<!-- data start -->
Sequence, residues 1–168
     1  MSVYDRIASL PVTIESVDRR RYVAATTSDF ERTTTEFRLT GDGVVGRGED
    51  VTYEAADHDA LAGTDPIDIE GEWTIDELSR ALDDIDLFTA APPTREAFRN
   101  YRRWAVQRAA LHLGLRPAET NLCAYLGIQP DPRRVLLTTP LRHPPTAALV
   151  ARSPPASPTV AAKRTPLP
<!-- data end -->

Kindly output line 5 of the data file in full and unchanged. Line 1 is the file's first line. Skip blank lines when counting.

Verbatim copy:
   151  ARSPPASPTV AAKRTPLP